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Where to host a Jupyter notebook

By Nick Barth

Updated on March 6, 2024

Where to host a Jupyter notebook

For data scientists, researchers, and analysts, finding the perfect platform to host and share Jupyter notebooks is essential. The platform must not only provide an interactive environment for coding and visualizing data but also require scalable resources to handle complex computations and large datasets. Here are some prominent options that cater to these needs, including a discussion about Deepnote, a rising player in this space.

Google Colab

Google Colab is a popular choice among individuals in the data science community. It offers a free service with the option to connect to paid GPU and TPU computing services for heavier workloads. Colab seamlessly integrates with Google Drive for storing notebooks and datasets.

  • Pros: Free tiers available, integration with Google Drive, access to GPUs and TPUs
  • Cons: Limited to Google's ecosystem, less suited for collaborative work

AWS SageMaker

AWS SageMaker is a fully managed service that enables users to build, train, and deploy machine learning models at scale. It’s a part of Amazon Web Services and offers a Jupyter notebook instance as part of its integrated development environment.

  • Pros: Scalable resources, comprehensive ML service integration
  • Cons: Cost can be high for extensive use, steep learning curve for AWS ecosystem

Microsoft Azure Notebooks

Microsoft Azure Notebooks provides a free hosting service with an option to attach Azure's scalable resources. Particularly suited for professional team settings, Azure Notebooks make it easy to share and collaborate.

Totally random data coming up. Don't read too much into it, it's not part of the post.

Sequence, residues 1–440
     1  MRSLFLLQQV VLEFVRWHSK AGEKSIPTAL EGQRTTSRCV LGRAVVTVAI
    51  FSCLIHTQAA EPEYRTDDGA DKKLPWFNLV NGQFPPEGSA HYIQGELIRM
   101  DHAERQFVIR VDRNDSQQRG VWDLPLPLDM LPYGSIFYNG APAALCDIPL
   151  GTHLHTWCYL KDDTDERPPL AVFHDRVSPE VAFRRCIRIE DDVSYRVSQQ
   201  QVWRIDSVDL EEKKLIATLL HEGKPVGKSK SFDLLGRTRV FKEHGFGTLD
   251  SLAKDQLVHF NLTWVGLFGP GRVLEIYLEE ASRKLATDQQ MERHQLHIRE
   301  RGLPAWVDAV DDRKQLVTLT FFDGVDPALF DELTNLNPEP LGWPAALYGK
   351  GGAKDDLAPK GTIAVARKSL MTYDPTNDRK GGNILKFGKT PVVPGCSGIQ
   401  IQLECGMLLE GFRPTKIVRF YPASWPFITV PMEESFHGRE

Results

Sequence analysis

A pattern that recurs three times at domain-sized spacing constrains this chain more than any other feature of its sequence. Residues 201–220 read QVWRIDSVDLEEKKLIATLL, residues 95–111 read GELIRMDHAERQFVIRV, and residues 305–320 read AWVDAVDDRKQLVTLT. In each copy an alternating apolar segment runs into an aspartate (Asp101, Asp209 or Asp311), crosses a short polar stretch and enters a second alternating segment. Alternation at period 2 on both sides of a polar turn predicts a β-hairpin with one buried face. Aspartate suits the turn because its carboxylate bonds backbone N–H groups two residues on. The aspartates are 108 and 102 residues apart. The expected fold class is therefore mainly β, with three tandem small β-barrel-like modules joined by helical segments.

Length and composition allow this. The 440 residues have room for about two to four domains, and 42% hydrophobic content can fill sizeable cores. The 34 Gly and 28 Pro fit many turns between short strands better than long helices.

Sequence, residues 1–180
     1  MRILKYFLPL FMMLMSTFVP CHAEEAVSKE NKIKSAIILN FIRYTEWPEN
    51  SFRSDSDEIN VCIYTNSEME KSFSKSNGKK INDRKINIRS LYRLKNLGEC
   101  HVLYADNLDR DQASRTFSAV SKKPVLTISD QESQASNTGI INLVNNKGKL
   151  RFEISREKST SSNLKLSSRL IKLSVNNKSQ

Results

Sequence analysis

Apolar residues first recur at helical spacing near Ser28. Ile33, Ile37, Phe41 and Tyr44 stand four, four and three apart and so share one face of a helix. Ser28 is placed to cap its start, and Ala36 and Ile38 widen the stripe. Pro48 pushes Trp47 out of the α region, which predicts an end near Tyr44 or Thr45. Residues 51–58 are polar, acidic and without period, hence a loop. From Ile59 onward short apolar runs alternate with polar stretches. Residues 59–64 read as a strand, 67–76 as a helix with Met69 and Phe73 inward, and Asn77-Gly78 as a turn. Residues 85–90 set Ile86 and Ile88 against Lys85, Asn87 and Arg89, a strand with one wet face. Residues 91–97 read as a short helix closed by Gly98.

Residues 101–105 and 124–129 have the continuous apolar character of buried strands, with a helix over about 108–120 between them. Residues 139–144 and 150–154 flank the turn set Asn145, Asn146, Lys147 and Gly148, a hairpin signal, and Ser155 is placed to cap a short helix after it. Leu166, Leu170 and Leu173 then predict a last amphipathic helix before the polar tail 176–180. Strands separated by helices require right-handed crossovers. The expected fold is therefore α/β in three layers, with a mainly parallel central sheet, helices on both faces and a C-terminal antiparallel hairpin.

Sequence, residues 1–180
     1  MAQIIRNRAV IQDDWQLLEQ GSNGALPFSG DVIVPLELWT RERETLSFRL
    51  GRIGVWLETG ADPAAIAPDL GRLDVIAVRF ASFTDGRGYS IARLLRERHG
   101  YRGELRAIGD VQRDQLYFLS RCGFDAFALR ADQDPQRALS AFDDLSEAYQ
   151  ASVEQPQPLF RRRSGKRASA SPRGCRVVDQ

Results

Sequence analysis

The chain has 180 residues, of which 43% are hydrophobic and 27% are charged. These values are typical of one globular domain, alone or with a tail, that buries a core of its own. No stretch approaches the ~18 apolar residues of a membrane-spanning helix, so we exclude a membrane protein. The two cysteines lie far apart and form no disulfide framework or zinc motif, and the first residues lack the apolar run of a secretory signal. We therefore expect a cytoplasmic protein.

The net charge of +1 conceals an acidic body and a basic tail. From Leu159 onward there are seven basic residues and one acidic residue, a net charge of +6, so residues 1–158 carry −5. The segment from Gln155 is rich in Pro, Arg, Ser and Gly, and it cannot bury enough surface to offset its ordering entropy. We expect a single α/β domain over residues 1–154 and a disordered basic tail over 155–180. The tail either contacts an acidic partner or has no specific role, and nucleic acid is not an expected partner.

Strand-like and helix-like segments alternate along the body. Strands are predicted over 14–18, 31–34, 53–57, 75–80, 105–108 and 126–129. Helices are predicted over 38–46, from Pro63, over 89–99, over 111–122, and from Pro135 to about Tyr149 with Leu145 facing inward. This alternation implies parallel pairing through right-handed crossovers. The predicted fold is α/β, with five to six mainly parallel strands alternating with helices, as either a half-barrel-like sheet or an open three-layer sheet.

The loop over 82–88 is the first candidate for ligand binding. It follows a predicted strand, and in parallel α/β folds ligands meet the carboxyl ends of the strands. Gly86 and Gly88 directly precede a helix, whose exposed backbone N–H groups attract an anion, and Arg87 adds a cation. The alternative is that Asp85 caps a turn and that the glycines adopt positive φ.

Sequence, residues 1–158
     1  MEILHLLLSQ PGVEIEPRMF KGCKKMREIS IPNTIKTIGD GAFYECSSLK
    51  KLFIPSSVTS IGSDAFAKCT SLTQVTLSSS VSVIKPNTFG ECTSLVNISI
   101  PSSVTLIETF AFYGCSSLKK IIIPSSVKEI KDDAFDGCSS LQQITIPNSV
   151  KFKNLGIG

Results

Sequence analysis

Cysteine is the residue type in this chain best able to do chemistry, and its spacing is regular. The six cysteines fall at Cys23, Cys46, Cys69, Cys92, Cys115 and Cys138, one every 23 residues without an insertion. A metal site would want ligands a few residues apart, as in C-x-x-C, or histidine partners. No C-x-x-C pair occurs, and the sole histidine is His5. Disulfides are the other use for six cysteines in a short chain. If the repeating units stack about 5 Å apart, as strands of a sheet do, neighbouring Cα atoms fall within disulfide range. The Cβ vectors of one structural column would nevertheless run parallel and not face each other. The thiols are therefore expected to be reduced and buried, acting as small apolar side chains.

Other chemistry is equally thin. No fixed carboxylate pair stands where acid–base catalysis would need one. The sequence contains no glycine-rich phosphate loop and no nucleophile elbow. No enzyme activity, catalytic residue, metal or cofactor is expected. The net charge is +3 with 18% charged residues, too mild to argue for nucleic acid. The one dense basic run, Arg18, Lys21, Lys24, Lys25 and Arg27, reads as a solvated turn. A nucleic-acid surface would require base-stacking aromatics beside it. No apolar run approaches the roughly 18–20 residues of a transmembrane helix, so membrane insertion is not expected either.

• Pros: Free to use for small-scale projects, good integration with other Azure services
  • Cons: Might require an upgrade for using advanced Azure resources

IBM Watson Studio

IBM Watson Studio offers cloud-based and local solutions for scientists and analysts, allowing integration with IBM's suite of data tools and services. Scalability is a strong suit, ensuring resources are available as needed.

  • Pros: Secure and scalable, strong integration with IBM services
  • Cons: The interface can be complex for new users


Binder allows users to share reproducible, interactive, computational environments. By simply providing a GitHub repository with Jupyter notebooks, Binder creates a live environment for others to access.

  • Pros: Free to use, no setup required
  • Cons: Limited to public repositories and isn't scalable


Discussing Deepnote, a newer addition to the hosted Jupyter notebook platforms, it offers real-timed collaboration, like Google Docs. Deepnote integrates with big data tools, executes jobs in the cloud, and scales up as needed—dealing well with heavy computations or data loads.

  • Pros: Real-time collaboration, integrates well with various data sources, user-friendly interface
  • Cons: Less established community, pricing models still evolving


For professionals and researchers seeking scalability, platforms like AWS SageMaker and IBM Watson Studio stand out, while Deepnote offers a modern, collaborative twist to the interactive development environment. Whichever platform you choose will ultimately depend on the specific needs of your project, such as resource demands, team collaboration preferences, and budget constraints.

Remember, always consider the long-term implications of choosing a platform—look beyond just the computational power to how well the service will continue to fit your evolving needs as data, and projects grow in complexity.

Nick Barth

Product Engineer

Nick has been interested in data science ever since he recorded all his poops in spreadsheet, and found that on average, he pooped 1.41 times per day. When he isn't coding, or writing content, he spends his time enjoying various leisurely pursuits.

Follow Nick on LinkedIn and GitHub

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